Shoprite helps youth fight unemployment through sustainable gardening
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Durban - With the unemployment rate at its peak and sitting at an uncomfortable 46.3%, young people are rising to the challenge of creating jobs for themselves and have partnered with Shoprite’s sustainable community food garden programme.
The Hlabana Magalela Supplies food garden in Newcastle was established by a group of unemployed youth in 2012. Its co-founders, Mzamo Mhlongo and Bongani Mtshali, continue to teach young people about farming and sustainability.
“I joined the garden in 2020, while I was still in high school, to learn more about farming, and now I work there full-time, which helps me to earn an income,” says Bhekumuzi Khumalo.
His mentors, Mhlongo and Mtshali, inspired him to start his own food garden and register his own farming business. Khumalo is now using the training offered by Shoprite to prepare himself to run a successful business that will create jobs for some of his peers in Newcastle.
“When we started the food garden in 2012, our aim was to combat youth unemployment as we were among the many young people without jobs in our community. Now, we are using our experiences to transfer skills to young people like Bhekumuzi, adding to the workshops offered by Shoprite,” says Mhlongo.
Shoprite has been supporting Hlabana Magalela Supplies since last year, providing permaculture training over a period of 18 months to ensure the long-term sustainability of the garden.
“The training sessions have taught us a lot about organic gardening. It’s been very helpful, and we are so appreciative of Shoprite,” says Mhlongo.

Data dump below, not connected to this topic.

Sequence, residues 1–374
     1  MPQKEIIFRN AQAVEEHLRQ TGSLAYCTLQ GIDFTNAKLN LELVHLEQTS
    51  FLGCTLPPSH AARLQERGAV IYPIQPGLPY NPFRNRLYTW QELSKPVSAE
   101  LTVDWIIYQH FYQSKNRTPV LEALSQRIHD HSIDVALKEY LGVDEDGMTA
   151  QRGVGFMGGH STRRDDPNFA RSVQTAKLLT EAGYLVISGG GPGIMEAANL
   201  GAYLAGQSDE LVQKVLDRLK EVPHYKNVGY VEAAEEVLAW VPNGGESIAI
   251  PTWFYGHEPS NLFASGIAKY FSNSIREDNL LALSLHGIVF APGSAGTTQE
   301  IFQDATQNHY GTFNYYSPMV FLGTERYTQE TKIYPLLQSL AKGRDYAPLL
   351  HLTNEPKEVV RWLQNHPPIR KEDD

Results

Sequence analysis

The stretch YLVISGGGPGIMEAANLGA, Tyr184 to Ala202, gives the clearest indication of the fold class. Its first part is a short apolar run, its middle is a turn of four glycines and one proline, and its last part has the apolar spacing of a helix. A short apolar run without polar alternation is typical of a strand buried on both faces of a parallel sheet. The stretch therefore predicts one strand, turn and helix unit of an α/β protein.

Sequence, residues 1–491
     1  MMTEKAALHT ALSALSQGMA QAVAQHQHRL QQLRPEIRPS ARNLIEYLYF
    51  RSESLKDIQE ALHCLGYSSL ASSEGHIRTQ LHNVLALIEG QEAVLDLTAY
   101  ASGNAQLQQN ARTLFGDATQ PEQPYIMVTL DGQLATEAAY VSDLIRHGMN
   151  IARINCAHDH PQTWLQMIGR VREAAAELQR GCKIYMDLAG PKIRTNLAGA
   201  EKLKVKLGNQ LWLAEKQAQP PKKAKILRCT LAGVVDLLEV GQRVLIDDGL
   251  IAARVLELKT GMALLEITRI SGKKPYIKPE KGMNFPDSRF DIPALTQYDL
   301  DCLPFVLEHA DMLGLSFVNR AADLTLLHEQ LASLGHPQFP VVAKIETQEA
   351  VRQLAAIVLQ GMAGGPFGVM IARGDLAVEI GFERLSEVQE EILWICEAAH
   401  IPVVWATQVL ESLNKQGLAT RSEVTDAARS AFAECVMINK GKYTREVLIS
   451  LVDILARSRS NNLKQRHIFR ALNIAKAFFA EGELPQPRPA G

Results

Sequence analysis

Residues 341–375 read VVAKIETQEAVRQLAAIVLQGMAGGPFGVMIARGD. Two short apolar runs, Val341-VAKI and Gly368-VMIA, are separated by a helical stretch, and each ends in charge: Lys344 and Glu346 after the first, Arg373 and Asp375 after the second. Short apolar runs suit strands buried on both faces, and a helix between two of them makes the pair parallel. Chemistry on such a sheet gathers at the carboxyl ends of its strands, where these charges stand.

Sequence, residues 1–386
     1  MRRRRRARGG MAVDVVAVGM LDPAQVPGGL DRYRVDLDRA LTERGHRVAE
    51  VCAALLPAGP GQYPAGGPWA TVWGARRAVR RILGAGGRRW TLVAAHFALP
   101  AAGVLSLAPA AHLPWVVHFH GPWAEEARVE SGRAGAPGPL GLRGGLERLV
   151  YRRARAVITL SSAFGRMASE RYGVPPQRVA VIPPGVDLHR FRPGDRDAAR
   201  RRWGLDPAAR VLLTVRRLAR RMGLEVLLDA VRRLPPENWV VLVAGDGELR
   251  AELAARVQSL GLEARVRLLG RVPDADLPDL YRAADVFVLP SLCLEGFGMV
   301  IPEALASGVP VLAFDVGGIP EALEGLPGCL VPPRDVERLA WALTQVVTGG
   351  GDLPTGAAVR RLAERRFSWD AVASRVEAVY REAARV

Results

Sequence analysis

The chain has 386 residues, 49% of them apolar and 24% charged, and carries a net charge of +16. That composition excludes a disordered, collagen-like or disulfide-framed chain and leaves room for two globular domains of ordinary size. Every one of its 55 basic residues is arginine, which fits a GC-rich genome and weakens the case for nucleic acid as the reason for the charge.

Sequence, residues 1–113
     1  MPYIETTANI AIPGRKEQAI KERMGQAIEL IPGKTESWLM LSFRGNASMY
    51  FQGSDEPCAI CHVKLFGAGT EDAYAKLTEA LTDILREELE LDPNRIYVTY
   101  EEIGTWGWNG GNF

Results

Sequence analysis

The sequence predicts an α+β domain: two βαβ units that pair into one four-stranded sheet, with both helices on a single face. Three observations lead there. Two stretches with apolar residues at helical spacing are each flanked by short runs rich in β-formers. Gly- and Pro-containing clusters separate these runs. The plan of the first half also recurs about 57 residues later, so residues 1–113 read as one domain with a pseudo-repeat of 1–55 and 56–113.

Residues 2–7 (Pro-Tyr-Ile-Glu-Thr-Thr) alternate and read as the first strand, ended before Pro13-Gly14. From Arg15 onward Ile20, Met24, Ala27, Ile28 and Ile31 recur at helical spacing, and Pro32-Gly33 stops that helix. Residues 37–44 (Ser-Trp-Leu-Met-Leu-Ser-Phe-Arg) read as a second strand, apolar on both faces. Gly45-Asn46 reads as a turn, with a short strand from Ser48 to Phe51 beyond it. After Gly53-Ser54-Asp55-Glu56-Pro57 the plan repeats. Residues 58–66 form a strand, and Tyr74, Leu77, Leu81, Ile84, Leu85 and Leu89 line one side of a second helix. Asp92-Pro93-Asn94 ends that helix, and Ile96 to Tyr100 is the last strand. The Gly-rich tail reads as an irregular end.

They have also received gardening tools and the initial components of an irrigation system from Shoprite.
“We’re looking forward to receiving a water tank because the lack of water in our area is a real challenge to our expansion,” adds Mhlongo.
Another project supported by Shoprite, the Iqabunglihle Garden Project, in KwaMashu near Durban, produces and sells spinach, cabbage, beetroot and green peppers to surrounding households.
Started by a group of seven unemployed matriculants, the garden registered as a co-operative in December 2017.
“Our immediate aim was to feed our community, to create jobs and at the same time protect our environment,” says Sabelo Mdlalose, a founding member of the Iqabungelihle Garden Project.
“We believe that by cultivating the soil, we can uplift our community.”
Iqabungelihle started on a 10x20 metre plot and has since expanded to a 2.5 hectare plot located at a nearby school.
The retail group has been supporting it through a series of monthly training workshops, equipping them with the necessary skills to plant and cultivate the soil more productively. Organic material such as kraal manure is used in the garden, instead of chemicals and synthetic fertilisers.
“With the help of Shoprite, we have acquired a red shed, water drums, bird netting and tools for soil preparation. Income from the sale of our produce has increased Iqabungelihle’s bank balance, and we regularly donate vegetables to households and an old-age home in our community,” says Mdlalose.
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